Expect more, cheaper durians

Durian lovers are in for a big treat as the better harvest this season spells lower prices for the fruit. The Mao Shan Wang variety, for instance, can be bought for as low as $9.90 a kg in Geylang, down from the usual $18.
Durian lovers are in for a big treat as the better harvest this season spells lower prices for the fruit. The Mao Shan Wang variety, for instance, can be bought for as low as $9.90 a kg in Geylang, down from the usual $18.PHOTO: SHIN MIN DAILY

Durian lovers are in for a big treat as the harvest for the king of fruits this season is better than last year's - and that could mean lower prices all around.

Fruit and vegetable wholesaler Chit Huat's sales manager, Ms Tan Shuqing, said this was due to good weather. "There is a durian cycle in which every 15 years, the harvest is very good and the trees grow very well. There is a twofold increase in the durian harvest this year," explained the 34-year-old.

227 Katong Durian seller Wong Yew Loon, 58, said the harvest season in Pahang and Johor coincided this year. It typically occurs in early July in Pahang but started earlier this year. Johor's harvest season is normally end-May to early June.

Both Ms Tan and Mr Wong also said Singapore is seeing an increase in supply because of the Muslim fasting month of Ramadan in Malaysia. "Durian sales in Malaysia slow down due to Ramadan because there is less demand and so they will push out to Singapore," said Mr Wong.

And that has seen prices plummet in some places.

Chinese newspaper Lianhe Wanbao reported yesterday that the Mao Shan Wang variety - a top choice for durian aficionados - can be bought for as low as $9.90 a kilogram in Geylang, down from the usual $18. The price of Red Prawn durians has also plummeted from $12 a kg to just $2.90.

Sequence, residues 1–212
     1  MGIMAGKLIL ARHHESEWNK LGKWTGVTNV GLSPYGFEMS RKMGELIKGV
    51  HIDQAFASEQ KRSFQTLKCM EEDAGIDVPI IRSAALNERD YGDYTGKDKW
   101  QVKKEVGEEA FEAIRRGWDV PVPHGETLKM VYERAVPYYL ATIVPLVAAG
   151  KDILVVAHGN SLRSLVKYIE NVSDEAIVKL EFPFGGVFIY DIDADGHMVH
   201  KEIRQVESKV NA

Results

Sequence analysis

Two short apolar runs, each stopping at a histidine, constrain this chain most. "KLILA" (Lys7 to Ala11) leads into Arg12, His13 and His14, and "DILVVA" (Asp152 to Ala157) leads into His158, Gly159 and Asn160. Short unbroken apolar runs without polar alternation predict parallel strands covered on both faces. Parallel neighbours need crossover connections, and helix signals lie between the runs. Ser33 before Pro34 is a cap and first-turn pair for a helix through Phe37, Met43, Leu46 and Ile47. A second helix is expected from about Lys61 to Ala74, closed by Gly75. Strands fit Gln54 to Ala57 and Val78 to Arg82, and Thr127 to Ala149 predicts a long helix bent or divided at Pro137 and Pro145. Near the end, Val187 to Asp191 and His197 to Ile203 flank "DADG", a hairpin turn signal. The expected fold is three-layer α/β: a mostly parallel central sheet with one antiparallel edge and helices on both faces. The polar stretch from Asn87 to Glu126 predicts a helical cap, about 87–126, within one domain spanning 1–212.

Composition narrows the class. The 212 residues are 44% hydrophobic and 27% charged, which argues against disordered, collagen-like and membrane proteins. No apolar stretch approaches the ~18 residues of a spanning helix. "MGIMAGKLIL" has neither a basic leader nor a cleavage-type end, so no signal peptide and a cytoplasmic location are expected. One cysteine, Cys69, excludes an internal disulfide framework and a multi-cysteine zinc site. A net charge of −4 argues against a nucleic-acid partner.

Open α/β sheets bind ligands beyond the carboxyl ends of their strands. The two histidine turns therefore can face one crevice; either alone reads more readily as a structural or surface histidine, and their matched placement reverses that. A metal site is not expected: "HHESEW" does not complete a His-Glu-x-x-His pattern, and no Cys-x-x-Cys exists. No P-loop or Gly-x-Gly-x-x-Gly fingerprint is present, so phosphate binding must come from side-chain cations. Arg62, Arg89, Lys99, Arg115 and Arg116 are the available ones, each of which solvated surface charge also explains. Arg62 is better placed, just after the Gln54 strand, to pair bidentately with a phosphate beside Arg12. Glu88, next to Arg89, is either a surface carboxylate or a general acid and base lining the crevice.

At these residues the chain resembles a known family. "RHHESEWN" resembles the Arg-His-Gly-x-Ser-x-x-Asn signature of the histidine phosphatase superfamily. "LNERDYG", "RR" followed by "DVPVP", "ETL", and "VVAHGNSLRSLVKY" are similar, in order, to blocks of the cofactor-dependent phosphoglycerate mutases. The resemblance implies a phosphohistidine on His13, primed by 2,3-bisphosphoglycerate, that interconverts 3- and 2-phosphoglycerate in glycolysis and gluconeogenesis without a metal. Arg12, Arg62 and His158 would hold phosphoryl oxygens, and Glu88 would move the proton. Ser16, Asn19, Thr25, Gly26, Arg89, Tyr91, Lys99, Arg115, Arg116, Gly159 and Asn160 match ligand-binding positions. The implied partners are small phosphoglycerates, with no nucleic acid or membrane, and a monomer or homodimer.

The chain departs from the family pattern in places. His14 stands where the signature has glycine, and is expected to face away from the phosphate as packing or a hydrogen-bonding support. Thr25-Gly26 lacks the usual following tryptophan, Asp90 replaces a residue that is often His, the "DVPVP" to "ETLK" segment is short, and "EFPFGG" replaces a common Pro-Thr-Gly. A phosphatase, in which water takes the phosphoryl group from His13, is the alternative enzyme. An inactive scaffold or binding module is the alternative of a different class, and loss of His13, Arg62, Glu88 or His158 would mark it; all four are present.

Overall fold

For those on a smaller budget, one durian store owner said that cheaper varieties can be picked up at 50 cents a fruit.

Wholesaler Ms Tan said generally, durian prices - regardless of variety - are lower this year by 30 to 40 per cent compared with the middle of last year. But she said that "prices will still differ from shop to shop because of quality".

Fruits Top 1 Department Store, which has branches in Geylang and Toa Payoh, said good harvests in Malaysia may not mean more of the spiky fruit for Singapore. Owner Teoh See Aik, 38, said: "Factories in Malaysia use them to make durian puree, and they are also exported to China for consumption."

But Mr Arthur Gan, 38, who runs the 30-year-old family-owned Durian Lingers, which has shops in Bukit Timah and Sengkang, assured durian fans that there are enough for everyone. "People in China caught on to durians in the last two years and the supply to Singapore was affected and prices were high. But this year, we won't be affected because of oversupply."

chuimin@sph.com.sg kchitra@sph.com.sg

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A version of this article appeared in the print edition of The Sunday Times on June 21, 2015, with the headline 'Expect more, cheaper durians'. Print Edition | Subscribe